The monarch butterfly has been listed as a species of "special concern" in Canada since 1997. Past conservation efforts have often focused on breeding sites along a northward migration route.

"Our results suggest that this needs to change," Miller said. "We must target the Great Lakes region to conserve the east coast monarch populations."

Contact:
Prof. Ryan Norris
Department of Integrative Biology
519-824-4120, Ext. 56300
rnorris@uoguelph.ca
For media questions, contact Communications and Public Affairs: Lori Bona Hunt, 519-824-4120, Ext. 53338, or lhunt@uoguelph.ca, or Deirdre Healey, Ext. 56982 or d.healey@exec.uoguelph.ca

Deirdre Healey | EurekAlert!
Further information:
http://www.uoguelph.ca

More articles from Life Sciences:

nachricht How brains surrender to sleep
23.06.2017 | IMP - Forschungsinstitut für Molekulare Pathologie GmbH

nachricht A new technique isolates neuronal activity during memory consolidation
22.06.2017 | Spanish National Research Council (CSIC)

All articles from Life Sciences >>>

The most recent press releases about innovation >>>

Die letzten 5 Focus-News des innovations-reports im Überblick:

Im Focus: Can we see monkeys from space? Emerging technologies to map biodiversity

An international team of scientists has proposed a new multi-disciplinary approach in which an array of new technologies will allow us to map biodiversity and the risks that wildlife is facing at the scale of whole landscapes. The findings are published in Nature Ecology and Evolution. This international research is led by the Kunming Institute of Zoology from China, University of East Anglia, University of Leicester and the Leibniz Institute for Zoo and Wildlife Research.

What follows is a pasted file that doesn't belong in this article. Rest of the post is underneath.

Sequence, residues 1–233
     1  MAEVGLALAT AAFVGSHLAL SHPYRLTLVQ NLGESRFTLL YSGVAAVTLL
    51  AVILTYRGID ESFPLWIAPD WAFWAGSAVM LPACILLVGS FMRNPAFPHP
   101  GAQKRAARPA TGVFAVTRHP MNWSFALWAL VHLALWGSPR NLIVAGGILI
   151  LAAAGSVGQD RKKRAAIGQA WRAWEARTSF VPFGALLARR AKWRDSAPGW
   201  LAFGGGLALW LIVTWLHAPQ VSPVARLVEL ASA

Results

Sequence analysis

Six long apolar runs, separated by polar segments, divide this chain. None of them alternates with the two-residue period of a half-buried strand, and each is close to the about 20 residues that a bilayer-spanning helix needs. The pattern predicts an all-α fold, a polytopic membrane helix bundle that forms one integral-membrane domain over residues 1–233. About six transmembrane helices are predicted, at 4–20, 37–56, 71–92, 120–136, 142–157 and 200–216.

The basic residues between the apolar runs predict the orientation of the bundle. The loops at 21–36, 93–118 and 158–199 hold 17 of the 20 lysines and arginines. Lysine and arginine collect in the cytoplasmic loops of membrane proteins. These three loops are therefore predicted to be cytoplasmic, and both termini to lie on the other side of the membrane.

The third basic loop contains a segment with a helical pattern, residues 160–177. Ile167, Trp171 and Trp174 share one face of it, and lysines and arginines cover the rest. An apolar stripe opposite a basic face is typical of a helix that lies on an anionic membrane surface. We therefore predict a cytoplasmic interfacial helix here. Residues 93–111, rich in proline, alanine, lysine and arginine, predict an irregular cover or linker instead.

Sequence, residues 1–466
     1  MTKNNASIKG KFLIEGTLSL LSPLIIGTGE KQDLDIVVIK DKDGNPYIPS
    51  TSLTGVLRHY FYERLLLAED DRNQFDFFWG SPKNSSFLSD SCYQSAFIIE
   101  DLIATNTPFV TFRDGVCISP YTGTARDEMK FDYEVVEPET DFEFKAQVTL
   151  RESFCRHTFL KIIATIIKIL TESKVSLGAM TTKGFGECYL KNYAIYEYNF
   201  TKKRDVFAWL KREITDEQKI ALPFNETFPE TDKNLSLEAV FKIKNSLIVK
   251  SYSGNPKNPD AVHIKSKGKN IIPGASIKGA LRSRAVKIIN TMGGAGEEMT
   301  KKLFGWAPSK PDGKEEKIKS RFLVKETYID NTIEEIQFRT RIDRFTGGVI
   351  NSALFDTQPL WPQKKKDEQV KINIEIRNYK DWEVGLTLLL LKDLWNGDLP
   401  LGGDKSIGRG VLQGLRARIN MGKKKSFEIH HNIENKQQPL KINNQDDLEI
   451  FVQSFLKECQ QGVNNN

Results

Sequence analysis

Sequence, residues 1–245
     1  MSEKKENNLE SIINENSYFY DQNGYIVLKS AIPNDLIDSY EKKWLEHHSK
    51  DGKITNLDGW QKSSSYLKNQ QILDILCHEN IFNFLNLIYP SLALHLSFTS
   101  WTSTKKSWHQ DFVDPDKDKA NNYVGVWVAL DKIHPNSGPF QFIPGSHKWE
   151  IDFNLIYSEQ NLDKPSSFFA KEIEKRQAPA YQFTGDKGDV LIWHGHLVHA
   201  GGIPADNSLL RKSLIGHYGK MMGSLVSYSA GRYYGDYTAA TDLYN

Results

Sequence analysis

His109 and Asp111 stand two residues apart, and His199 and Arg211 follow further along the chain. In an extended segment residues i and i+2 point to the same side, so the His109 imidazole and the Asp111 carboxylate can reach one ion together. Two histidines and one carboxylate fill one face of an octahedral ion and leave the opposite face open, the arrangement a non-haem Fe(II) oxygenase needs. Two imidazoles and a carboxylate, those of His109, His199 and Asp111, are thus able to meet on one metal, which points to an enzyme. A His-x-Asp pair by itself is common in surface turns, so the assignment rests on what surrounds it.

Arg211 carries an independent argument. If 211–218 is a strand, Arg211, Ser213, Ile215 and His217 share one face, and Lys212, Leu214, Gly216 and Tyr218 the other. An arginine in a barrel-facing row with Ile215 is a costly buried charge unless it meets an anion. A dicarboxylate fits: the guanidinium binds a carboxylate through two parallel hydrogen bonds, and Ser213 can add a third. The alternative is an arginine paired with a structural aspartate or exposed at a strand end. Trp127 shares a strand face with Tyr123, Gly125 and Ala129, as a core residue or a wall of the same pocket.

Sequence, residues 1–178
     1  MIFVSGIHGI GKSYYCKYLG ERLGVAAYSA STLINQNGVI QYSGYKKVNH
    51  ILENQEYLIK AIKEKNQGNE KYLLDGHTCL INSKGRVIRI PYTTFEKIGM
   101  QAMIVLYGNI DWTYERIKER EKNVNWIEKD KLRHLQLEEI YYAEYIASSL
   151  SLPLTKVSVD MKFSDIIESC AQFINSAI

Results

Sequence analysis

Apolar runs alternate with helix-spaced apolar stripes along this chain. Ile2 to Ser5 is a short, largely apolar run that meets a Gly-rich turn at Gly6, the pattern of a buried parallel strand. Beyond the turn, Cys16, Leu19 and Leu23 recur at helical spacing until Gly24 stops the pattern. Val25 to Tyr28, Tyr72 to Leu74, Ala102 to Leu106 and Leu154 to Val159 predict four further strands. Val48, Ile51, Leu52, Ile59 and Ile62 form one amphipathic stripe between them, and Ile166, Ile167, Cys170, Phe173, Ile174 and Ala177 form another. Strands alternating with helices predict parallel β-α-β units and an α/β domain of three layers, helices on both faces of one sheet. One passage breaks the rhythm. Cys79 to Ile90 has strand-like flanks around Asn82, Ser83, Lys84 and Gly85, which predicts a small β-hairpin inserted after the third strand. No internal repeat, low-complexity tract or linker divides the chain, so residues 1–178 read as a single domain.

Using a combination of satellite and ground data, the team proposes that it is now possible to map biodiversity with an accuracy that has not been previously...

Im Focus: Climate satellite: Tracking methane with robust laser technology

Heatwaves in the Arctic, longer periods of vegetation in Europe, severe floods in West Africa – starting in 2021, scientists want to explore the emissions of the greenhouse gas methane with the German-French satellite MERLIN. This is made possible by a new robust laser system of the Fraunhofer Institute for Laser Technology ILT in Aachen, which achieves unprecedented measurement accuracy.

Methane is primarily the result of the decomposition of organic matter. The gas has a 25 times greater warming potential than carbon dioxide, but is not as...